Mobile Games — Friend or Foe to Non-Mobile Platforms?
Mobile games are an interesting beast. There are a whole number of games created either for a quick buck or as a monetization machine, which turns away a large number of gamers, which are used to the more complete experience found on console or PC.
Today, I wanted to bring attention to the fact that even though a lot of mobile games are made to feed money to developers and/or publishers, some of them feature pretty interesting mechanics and features that I believe could be used as inspiration to take console / PC games to the next level.
So I guess I better explain myself, it’s a pretty wild claim to some.
Mobile gaming as a whole has a bad name, and rightfully so. The mobile marketplace is filled with cheap cash-grabs and games that felt like little to no effort were put into them.
Amongst these cash-whoring games, there are some gems, but they aren’t the games we’ll be talking about today. Yes, today we’re talking about said money-hungry games that felt like they were created just to take as much money from your wallet as possible.
In respects to developers, no matter what you think of them, I won’t be naming any titles in particular today, that wouldn’t be fair. Instead, I want to list some things I’ve seen that I feel could be incorporated into “main gaming” — by which, I mean non-mobile platforms.
Point #1 — Let’s talk about mobile adverts
Mobile adverts confuse me. I understand that an advert is supposed to sell you on an idea of a game and in some cases make a game look better than it actually is, but some of the adverts for mobile games are absolutely fantastic.
I’m sure you’ve seen one or two of them by now; you know the ones “This game is amazing! What is it?!” only to find out the final gameplay plays out nothing like the final game.
Whether or not the adverts are deceptive is beyond the point, the point is the quality of advertising that goes into mobile game adverts is amazing, especially when you consider the size and incomes of some of the teams behind the games and advertisements.
Even if they don’t show off the gameplay and graphics off very well, they let you know the atmosphere behind the game, and they sometimes rival the shorts released at various film festivals.
Advertisements for non-mobile games are seemingly becoming rarer and rarer, saved for the likes of the years biggest releases. I feel smaller developers and the industry as a whole could take a leaf out of the mobile book and reintroduce some of the more artistic gaming advertisements that are booming on the mobile scene.
Point #2 — The single fine-tuned game mechanic
Games the days, ranging from indie to AAA all seem to have a vendetta to shove as many different game mechanics down your throat in the shortest time possible.
Mobile games tend to do the exact opposite, sometimes focusing on a single mechanic that is incredibly fleshed out to keep your attention into a game. Would this work for non-mobile platforms? Who knows.
What I do know is that there a whole boatload of mobile titles that focus on a single mechanic that remains fresh, interesting and more importantly — keep the audience playing as opposed to the whole “More mechanics = more fun” mentality that non-mobile games seem to be doing.
It would seem that non-mobile developers tend to spend time adding as many random mechanics into their games as possible in a desperate attempt that one sticks with the player and keeps them hooked into their game as possible. According to some, this dilutes the gaming experience.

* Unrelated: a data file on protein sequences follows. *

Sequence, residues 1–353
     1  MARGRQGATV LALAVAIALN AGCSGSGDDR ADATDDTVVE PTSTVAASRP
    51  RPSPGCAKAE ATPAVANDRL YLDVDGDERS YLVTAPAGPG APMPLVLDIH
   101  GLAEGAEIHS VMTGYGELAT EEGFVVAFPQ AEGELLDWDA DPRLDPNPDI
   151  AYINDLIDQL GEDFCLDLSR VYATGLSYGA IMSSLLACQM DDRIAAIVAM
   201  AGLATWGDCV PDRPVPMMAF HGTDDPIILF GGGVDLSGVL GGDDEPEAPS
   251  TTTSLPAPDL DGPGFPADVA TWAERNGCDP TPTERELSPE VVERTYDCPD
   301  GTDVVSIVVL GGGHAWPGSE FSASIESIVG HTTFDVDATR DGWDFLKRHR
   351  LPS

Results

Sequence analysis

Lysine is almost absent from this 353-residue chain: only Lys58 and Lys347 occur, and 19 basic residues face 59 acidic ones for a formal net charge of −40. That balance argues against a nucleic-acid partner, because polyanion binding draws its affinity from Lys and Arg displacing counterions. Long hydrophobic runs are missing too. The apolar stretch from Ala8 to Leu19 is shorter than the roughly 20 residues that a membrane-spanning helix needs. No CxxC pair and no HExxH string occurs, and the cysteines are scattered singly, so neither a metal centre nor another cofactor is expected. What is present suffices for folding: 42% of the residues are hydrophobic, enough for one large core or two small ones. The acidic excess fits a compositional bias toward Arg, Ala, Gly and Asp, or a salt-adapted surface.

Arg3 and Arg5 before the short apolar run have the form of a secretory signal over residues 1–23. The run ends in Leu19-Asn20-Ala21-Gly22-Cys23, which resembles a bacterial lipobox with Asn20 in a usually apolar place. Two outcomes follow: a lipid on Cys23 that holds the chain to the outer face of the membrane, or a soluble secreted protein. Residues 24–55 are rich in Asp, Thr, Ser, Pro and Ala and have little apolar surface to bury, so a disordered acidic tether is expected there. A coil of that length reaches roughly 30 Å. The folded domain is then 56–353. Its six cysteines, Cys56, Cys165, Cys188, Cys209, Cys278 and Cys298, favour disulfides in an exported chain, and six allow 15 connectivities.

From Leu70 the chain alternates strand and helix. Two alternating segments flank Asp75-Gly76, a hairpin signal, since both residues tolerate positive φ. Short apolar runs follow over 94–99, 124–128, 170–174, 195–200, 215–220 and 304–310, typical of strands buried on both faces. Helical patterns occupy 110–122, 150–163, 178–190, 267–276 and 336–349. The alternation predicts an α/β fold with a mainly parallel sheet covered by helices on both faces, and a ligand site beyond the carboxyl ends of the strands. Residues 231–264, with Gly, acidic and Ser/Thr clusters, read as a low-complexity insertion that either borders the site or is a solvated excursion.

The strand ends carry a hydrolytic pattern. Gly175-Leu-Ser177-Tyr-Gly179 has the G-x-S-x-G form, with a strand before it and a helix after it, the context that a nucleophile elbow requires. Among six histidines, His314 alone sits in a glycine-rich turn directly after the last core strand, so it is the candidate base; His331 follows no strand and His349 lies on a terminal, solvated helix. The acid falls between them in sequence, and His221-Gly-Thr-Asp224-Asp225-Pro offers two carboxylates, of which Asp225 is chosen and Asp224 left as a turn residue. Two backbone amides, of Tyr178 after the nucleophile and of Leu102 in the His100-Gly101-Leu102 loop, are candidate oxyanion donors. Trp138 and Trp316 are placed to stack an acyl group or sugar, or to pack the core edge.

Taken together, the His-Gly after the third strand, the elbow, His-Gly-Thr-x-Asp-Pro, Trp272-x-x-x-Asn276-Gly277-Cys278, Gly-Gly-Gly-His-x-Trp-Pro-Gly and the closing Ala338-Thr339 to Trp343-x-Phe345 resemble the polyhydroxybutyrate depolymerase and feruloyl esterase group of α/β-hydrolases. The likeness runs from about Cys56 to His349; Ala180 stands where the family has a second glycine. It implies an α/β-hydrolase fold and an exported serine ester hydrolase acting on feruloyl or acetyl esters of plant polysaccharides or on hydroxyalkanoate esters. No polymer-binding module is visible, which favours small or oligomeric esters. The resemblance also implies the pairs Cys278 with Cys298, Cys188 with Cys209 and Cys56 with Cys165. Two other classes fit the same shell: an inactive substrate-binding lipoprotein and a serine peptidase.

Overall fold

What do YOU think? Remember to reach out to me and let me know what is better; fewer mechanics that are better fleshed out or more mechanics than you can carry?
Point #3 — Short-burst Gameplay / Time-based mechanics
So this is a point not everyone is going to agree with but playing some non-mobile games can take a considerable amount of time to sit down and play. This is not a problem by any means, but if we take our eyes over to the mobile scene, their games are focused on very short gameplay sessions, for obvious reasons.
My argument is that the non-mobile crowd focuses too heavily on the long-form gameplay. Sometimes it’s nice to dip in for a couple of minutes whilst procrastinating without the need to dedicate hours of your time into a session. Naturally, being able to get lost in a video-game for hours is one of the perks of video-gaming, but sometimes you want something a little lighter.
I’m not saying gaming as a whole should be a bite-sized experience, but surely it wouldn’t hurt to have a selection of non-mobile games dedicated for the short burst session? Looking at the player base at some of the mobile games ported to PC, it’s safe to assume the audience for such bite-sized experiences do actually exist. But again, I understand why many people would be against the idea.
For my final point, I’d like to point towards something mobile gamers take for granted and that non-mobile players still have to live without to this day. Auto-saving on exit. You may have noticed that most games on mobile, when you close them, save your progress upon exit. Platforms such as PC, Xbox One and PS4 still lack this functionality, which could have saved many of gamers headaches.
Of course, these platforms usually feature auto-saving and saving in general, but there are times where the game can crash, or you forget how long it’s been since the last checkpoint. With mobile, you can simply fire up the app and continue as you were.
For non-mobile platforms, as there is no standardisation, you could either end up at a previous checkpoint, end up at the start of the level or in some cases it might not even save at all, leaving it down to you to remember to constantly save your progress.
It may sound like I’m nitpicking but it is honestly one of the mobile’s best features that I hope to one day to see on non-mobile platforms.